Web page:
The American Dialect Society officially declared the suffix "-ussy" as the Word of the Year for 2022 in its 33rd annual words-of-the-year vote.
Ben Zimmer, chair of the ADS New Words Committee and language columnist for the Wall Street Journal, presided over the January 6 session attended virtually and in person by two hundred individuals who took part in the deliberations and voting.
“The selection of the suffix -ussy highlights how creativity in new word formation has been embraced online in venues like TikTok,”
“The playful suffix builds off the word p*ssy to generate new slang terms."
"The process has been so productive lately on social media sites and elsewhere that it has been dubbed -ussification.”
ADS announced their decision on social media and in a press release.
Twitter couldn't help but giggle and add to the -ussifying conversation.
How do we incorporate it into our daily lexicon?
Is ussification here to stay?
It's a divine detour.
Even though it was declared word of the year in 2022, it was always with ussy.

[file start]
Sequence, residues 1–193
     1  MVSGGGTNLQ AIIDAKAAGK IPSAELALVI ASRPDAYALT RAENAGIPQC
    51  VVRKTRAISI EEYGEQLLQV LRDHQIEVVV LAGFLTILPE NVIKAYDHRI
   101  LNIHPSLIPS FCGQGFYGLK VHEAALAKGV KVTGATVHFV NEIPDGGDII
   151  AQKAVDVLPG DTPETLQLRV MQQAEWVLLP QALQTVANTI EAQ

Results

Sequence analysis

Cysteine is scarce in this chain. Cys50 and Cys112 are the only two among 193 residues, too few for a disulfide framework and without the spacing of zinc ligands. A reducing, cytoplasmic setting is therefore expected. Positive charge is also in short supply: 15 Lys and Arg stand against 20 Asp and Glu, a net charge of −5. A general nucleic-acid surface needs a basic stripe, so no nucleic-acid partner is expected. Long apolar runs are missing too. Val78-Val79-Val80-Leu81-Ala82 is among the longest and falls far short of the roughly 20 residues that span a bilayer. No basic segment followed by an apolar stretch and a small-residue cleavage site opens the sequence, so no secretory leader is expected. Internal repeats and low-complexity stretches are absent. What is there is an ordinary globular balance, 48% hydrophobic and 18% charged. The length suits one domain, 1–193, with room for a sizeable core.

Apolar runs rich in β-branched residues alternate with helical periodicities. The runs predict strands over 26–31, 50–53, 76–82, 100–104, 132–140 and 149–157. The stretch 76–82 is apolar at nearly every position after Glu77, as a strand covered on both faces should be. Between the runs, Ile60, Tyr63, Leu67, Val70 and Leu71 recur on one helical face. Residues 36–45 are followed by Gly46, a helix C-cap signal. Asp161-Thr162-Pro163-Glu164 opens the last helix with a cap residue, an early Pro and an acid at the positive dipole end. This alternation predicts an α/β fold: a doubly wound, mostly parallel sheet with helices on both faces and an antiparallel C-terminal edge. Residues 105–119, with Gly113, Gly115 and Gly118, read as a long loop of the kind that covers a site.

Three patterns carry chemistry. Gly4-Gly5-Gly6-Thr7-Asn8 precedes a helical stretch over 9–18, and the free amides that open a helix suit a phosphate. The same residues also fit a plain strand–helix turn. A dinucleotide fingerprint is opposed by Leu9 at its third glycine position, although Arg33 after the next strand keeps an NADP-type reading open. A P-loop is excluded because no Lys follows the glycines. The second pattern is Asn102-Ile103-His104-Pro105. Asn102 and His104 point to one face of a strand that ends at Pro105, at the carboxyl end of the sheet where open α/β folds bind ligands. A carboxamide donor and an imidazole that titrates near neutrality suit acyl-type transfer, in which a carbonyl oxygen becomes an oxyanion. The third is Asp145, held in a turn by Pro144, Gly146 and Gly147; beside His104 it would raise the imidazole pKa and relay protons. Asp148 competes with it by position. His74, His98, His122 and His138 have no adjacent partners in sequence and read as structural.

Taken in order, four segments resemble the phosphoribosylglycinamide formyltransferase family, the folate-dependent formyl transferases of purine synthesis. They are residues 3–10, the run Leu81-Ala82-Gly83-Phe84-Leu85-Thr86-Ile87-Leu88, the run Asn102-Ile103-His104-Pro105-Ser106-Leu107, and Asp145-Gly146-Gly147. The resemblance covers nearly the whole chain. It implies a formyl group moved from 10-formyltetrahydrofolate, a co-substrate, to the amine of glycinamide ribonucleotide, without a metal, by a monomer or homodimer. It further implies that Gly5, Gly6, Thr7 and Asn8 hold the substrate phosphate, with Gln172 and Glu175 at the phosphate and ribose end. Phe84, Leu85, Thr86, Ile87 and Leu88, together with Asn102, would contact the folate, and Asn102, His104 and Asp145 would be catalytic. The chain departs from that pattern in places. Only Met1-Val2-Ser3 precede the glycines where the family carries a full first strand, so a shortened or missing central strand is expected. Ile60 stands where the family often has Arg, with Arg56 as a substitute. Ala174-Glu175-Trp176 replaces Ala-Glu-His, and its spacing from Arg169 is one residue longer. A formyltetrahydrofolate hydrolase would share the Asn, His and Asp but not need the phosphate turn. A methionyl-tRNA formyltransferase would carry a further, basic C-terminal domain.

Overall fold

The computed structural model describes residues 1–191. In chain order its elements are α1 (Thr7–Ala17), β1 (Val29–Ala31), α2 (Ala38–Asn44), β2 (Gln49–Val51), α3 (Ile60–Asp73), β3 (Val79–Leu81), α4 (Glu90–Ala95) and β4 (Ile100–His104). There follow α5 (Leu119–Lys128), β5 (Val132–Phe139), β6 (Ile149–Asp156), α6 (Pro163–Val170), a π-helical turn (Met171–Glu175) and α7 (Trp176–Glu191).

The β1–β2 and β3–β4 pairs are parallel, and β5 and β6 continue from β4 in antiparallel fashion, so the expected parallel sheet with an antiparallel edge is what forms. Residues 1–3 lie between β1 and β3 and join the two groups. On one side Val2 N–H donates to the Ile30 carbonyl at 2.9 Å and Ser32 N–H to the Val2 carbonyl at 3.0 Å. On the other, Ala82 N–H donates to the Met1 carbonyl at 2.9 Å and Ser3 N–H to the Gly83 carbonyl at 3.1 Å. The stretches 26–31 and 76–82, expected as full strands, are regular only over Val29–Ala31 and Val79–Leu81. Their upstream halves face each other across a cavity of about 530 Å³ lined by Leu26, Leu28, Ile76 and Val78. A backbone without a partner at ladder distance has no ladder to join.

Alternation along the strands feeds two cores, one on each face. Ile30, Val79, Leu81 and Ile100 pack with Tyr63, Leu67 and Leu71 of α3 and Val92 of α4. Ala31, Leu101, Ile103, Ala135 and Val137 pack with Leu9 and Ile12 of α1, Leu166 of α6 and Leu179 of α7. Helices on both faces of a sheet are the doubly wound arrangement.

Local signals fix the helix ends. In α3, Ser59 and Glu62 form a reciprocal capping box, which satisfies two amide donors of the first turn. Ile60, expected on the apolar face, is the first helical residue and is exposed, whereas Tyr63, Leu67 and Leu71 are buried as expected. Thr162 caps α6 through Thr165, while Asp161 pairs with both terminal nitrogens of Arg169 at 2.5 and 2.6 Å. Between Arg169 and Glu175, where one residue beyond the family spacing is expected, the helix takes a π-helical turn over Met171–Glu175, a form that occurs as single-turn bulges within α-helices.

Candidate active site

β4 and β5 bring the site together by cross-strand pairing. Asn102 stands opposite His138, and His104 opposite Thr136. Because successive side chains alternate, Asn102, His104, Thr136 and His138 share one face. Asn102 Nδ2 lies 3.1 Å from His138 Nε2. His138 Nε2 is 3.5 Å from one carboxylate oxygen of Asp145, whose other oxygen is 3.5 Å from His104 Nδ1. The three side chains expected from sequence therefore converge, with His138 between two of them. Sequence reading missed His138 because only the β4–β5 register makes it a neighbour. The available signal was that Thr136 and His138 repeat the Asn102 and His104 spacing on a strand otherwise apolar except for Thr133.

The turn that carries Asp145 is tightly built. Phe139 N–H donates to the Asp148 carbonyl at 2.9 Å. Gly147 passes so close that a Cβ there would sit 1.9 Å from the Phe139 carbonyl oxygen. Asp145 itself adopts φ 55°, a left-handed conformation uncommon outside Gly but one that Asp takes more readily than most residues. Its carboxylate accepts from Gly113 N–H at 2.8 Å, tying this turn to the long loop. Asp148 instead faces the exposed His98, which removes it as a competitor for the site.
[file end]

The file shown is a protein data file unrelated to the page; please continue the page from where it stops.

In LGBTQ+ parlance, the word "bussy" has been used as slang to describe a portion of the male anatomy.
A portmanteau, it combines the word "boy" and a slang term for a woman's genitals.
The term was popularized as a meme after Rocketman Actor Taron Egerton read aloud a number of thirst tweets on Buzzfeed Celeb in 2019.
One of the desirous tweets read:
"Taron Egerton is a White boy that I trust to destroy my bussy.”
Visibly stumped after reading the term, Egerton asked a person off-camera what "bussy" meant and his jaw dropped upon hearing the answer.
Out Rapper Lil Nas X also used the term in a pregnancy-themed video to tease the rollout of his Montero album.
In the short clip, one of two doctors accommodating the "expectant" rapper laying on a stretcher commented the patient's "bussy water" just broke.
The American Dialect Society–which consists of members who are linguists, lexicographers, etymologists, grammarians, historians, researchers, writers, editors, students and independent scholars–explained:
"Word of the Year is interpreted in its broader sense as 'vocabulary item'—not just words but also phrases, compounds, and affixes."
"The items do not have to be brand-new, but they have to be newly prominent or notable in the past year."
"This is not the first time an affix has been named Word of the Year: in 1998, the prefix e- (as in email) was selected."
They clarified the voting process was done in good fun and members:
"do not pretend to be officially inducting words into the English language."
"Instead, they are highlighting that language change is normal, ongoing and entertaining."